The hazardous waste trade is fuelled by mounting piles of toxic  
waste generated by the soap, plastics, pesticides, medicines,  
fertilizers and explosives industries. This deadly cargo  
consists of toxic substances such as dioxins, organic chemicals,  
heavy metals, PCBs and cyanide. CIR and Moyers point out that  
the United States generates more than one ton of hazardous waste  
annually for every man, woman and child. As a result, they  
explain, "Both criminals and legitimate entrepreneurs sense  
handsome profits from this excess of hazardous waste, from  
steering the flow of harmful substances along the path of least  
resistance toward what they hope will be a final resting place."  
The authors argue that U.S. environmental regulations have  
functioned to encourage the exportation of hazardous waste. The  
Resource Conservation and Recovery Act specifies that a company  
is responsible for its hazardous waste even after it is disposed  
of in U.S. landfills. But when a broker exports the waste to a  
foreign country, the responsibility is also exported.   
Global Dumping Ground demonstrates the reluctance of Third World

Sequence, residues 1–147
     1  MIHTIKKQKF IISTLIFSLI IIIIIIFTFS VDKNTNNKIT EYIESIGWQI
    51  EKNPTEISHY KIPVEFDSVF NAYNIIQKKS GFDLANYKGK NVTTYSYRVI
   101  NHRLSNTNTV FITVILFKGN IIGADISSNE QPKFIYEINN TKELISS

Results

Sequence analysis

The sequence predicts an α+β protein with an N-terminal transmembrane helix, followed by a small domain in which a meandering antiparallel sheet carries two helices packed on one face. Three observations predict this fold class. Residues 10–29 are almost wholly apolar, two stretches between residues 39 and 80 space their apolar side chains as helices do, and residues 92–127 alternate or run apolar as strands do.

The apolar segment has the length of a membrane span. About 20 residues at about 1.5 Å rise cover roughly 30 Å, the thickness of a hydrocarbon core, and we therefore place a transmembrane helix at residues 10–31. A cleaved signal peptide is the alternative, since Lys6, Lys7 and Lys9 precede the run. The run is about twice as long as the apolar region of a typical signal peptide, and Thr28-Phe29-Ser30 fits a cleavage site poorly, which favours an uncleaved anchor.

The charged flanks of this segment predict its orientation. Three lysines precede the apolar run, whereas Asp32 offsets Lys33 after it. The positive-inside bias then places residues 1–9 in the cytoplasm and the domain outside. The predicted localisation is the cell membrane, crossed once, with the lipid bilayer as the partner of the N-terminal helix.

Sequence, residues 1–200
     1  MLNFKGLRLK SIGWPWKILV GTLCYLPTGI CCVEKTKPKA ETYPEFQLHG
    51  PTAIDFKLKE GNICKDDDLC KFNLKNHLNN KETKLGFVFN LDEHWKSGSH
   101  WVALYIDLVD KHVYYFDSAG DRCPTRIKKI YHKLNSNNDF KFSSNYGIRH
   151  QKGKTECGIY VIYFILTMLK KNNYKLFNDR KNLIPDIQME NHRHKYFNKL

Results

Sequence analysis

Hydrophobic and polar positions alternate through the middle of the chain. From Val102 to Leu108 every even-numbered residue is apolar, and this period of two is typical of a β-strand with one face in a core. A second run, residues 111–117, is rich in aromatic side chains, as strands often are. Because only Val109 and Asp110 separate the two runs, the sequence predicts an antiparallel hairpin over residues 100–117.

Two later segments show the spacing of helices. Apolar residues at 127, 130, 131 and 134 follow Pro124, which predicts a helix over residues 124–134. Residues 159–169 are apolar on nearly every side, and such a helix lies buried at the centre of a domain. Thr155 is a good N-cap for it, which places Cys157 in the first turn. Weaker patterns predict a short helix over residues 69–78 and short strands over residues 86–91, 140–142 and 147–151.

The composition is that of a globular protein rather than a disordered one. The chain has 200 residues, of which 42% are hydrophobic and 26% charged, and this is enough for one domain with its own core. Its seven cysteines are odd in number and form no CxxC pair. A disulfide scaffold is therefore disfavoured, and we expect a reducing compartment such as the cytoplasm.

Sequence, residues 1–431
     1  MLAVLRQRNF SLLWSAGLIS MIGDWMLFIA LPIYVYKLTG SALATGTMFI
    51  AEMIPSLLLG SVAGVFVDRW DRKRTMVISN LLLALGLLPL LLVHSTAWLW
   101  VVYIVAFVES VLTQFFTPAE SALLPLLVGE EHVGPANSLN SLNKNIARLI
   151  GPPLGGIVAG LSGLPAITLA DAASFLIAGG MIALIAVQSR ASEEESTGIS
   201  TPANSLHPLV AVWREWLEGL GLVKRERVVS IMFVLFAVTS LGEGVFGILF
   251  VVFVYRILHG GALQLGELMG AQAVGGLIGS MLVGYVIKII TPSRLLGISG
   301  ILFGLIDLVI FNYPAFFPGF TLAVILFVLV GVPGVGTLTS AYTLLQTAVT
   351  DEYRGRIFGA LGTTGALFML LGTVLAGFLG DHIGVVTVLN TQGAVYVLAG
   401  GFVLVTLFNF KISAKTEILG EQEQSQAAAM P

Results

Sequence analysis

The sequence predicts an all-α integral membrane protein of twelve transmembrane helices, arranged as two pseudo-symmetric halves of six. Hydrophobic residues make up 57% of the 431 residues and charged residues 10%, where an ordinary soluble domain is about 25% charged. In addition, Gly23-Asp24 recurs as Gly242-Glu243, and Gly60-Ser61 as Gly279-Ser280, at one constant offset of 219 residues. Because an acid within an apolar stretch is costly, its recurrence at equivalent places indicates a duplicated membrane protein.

countries to receive the industrialized countries' waste by  
recounting the widely publicized saga of the Khian Sea, one  
"poison ship" in a "seeming armada of toxic vessels unleashed by  
the developed world in the late 1980s." In June 1986, loaded  
with 13,000 tons of toxic incinerator ash from Philadelphia, the  
Khian Sea headed for the Bahamas, where Amalgamated Shipping  
Corp., the ship's owner, claimed the government had agreed to  
accept the ash. But when the ship arrived at Ocean Cay in the  
Bahamas, the Bahamas' Ministry of Health denied it permission to  
unload. The Khian Sea set sail, embarking on an endless search  
for a country which would accept the toxic ash. After sparking  
congressional inquiries and a number of lawsuits, and wandering  
through the seas for 27 months on a journey that took it to four  
continents where country after country declined to accept the  
ash, the ship, renamed the Pelicano, arrived in Singapore  
without its cargo. The ship owners have refused to say where the  
ash went and a Justice Department inquiry has so far been unable  
to locate it. CIR and Moyers emphasize that the case of the  
Khian Sea, which garnered international attention, carried only  
one month's waste from one major U.S. city.   
The authors also relate the stories of "entrepreneurs" who have  
been convicted of illegally exporting hazardous waste. They  
focus on brothers Jack and Charlie Colbert, who were convicted  
in 1986 for exporting misleadingly labelled hazardous wastes.